Why Titanic is the Perfect Metaphor for Business

Is your business unsinkable?

Matt Saunders
4 min readSep 28, 2020


When Titanic set out on its famously doomed maiden voyage back in 1912, the world had scarcely seen anything like it. This was a vessel that set new standards in size and luxury. Even the lower class (or “steerage”) passengers were impressed by the standard of their accommodation.

But more than this, symbolically Titanic was the beast that would conquer the oceans, to finally hail man victorious in the battle against nature.

F.G.O. Stuart (1843–1923) / Public domain

But, on April 15 1912, the “unsinkable” ship hit an iceberg and sank, taking down more than 1,500 people with it.

A number of factors contributed to the disaster. Poor planning and arrogance, as much as simple bad luck, all played their part. Here are some observations from the story of Titanic and how its lessons can be applied to business today.

Lesson #1: Be pragmatic and always have a backup plan

Titanic infamously went to sea with only enough lifeboats for half of the passengers on board. There were a number of reasons for this but it can partly be attributed to the popular opinion of the day: engineers were more interested in building unsinkable ships than putting practical safety measures in place if things go wrong. It’s a noble ambition but it sealed the fate of many on that night in 1912.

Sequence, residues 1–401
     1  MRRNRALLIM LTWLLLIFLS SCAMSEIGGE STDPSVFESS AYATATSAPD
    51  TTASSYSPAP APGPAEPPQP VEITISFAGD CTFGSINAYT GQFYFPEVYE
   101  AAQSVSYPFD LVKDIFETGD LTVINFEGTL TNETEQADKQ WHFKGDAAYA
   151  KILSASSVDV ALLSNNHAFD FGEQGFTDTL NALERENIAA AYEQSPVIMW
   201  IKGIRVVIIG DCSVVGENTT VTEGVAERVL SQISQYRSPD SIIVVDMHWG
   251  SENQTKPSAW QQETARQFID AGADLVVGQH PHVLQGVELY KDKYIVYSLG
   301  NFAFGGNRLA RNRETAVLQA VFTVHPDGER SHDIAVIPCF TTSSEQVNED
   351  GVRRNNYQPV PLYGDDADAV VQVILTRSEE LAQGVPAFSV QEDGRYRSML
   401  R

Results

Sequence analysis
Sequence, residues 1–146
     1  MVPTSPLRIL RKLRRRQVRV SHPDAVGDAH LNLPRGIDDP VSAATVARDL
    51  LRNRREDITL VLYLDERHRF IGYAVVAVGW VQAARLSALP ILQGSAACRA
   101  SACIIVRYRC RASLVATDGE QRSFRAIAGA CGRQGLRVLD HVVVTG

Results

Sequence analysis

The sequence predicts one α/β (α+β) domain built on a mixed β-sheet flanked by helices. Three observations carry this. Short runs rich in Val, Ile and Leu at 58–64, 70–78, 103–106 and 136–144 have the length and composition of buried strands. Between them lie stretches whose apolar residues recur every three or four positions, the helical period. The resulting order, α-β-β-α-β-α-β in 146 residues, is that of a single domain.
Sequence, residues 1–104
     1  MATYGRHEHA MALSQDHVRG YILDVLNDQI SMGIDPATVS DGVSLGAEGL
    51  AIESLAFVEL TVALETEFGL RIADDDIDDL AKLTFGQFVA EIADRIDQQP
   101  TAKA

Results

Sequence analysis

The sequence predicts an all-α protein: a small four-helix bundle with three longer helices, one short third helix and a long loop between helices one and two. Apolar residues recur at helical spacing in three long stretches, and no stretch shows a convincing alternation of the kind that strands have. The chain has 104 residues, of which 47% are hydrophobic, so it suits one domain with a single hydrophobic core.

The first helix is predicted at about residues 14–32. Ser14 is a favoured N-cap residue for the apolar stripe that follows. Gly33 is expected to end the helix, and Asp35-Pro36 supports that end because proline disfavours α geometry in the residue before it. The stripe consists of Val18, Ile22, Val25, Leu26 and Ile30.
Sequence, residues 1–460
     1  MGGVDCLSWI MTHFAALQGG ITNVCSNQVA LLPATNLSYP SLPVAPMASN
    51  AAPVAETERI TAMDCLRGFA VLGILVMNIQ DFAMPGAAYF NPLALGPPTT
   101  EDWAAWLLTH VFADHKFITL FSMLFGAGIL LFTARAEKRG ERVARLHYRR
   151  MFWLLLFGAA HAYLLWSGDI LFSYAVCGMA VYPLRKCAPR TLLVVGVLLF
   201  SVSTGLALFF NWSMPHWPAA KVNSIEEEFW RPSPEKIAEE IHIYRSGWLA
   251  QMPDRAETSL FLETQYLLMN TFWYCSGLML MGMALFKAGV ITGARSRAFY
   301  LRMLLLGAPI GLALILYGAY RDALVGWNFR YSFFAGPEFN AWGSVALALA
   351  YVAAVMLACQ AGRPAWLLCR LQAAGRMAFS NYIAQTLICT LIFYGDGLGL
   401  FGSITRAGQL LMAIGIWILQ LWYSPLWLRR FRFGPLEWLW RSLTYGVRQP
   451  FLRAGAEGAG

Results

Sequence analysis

If you’re shocked by this, I invite you to take a look at your own lifeboat situation. Are you trying to build an unsinkable ship? The truth is that in business things will go wrong so instead of trying to become indestructible, accept that you’re not and plan for when your iceberg comes along. In a practical sense this could involve ensuring you have a support network, building in down-time, not placing all your eggs in the basket of one huge client and having 6 month’s of cash reserves in the bank.

Don’t go to sea without enough lifeboats.

Lesson #2: Take your problems head-on

One of the unfortunate twists in the story of Titanic comes when we learn of how the vessel struck the iceberg.

Due to poor visibility on the night of the disaster, the crew were delayed in…



Matt Saunders

Web developer, writer and business coach for freelancers